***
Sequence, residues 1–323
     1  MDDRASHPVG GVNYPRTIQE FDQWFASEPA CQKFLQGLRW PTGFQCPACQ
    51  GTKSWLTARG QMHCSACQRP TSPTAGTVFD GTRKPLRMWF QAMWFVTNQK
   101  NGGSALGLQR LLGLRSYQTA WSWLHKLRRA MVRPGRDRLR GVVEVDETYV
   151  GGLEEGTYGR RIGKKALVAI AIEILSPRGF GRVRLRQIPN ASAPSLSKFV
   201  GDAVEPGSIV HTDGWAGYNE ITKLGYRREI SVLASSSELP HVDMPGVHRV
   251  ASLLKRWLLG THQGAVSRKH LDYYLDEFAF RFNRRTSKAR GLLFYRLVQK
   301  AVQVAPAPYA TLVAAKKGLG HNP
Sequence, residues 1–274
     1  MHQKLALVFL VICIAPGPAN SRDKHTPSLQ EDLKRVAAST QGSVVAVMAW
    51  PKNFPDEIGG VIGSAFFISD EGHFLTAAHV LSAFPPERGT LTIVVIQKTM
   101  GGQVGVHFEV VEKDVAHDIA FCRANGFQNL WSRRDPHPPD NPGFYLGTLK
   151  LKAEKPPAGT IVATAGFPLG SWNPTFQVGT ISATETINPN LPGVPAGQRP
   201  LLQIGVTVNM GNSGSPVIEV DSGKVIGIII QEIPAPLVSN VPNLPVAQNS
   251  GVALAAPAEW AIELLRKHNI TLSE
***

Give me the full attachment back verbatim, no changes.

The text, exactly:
Sequence, residues 1–323
     1  MDDRASHPVG GVNYPRTIQE FDQWFASEPA CQKFLQGLRW PTGFQCPACQ
    51  GTKSWLTARG QMHCSACQRP TSPTAGTVFD GTRKPLRMWF QAMWFVTNQK
   101  NGGSALGLQR LLGLRSYQTA WSWLHKLRRA MVRPGRDRLR GVVEVDETYV
   151  GGLEEGTYGR RIGKKALVAI AIEILSPRGF GRVRLRQIPN ASAPSLSKFV
   201  GDAVEPGSIV HTDGWAGYNE ITKLGYRREI SVLASSSELP HVDMPGVHRV
   251  ASLLKRWLLG THQGAVSRKH LDYYLDEFAF RFNRRTSKAR GLLFYRLVQK
   301  AVQVAPAPYA TLVAAKKGLG HNP
Sequence, residues 1–274
     1  MHQKLALVFL VICIAPGPAN SRDKHTPSLQ EDLKRVAAST QGSVVAVMAW
    51  PKNFPDEIGG VIGSAFFISD EGHFLTAAHV LSAFPPERGT LTIVVIQKTM
   101  GGQVGVHFEV VEKDVAHDIA FCRANGFQNL WSRRDPHPPD NPGFYLGTLK
   151  LKAEKPPAGT IVATAGFPLG SWNPTFQVGT ISATETINPN LPGVPAGQRP
   201  LLQIGVTVNM GNSGSPVIEV DSGKVIGIII QEIPAPLVSN VPNLPVAQNS
   251  GVALAAPAEW AIELLRKHNI TLSE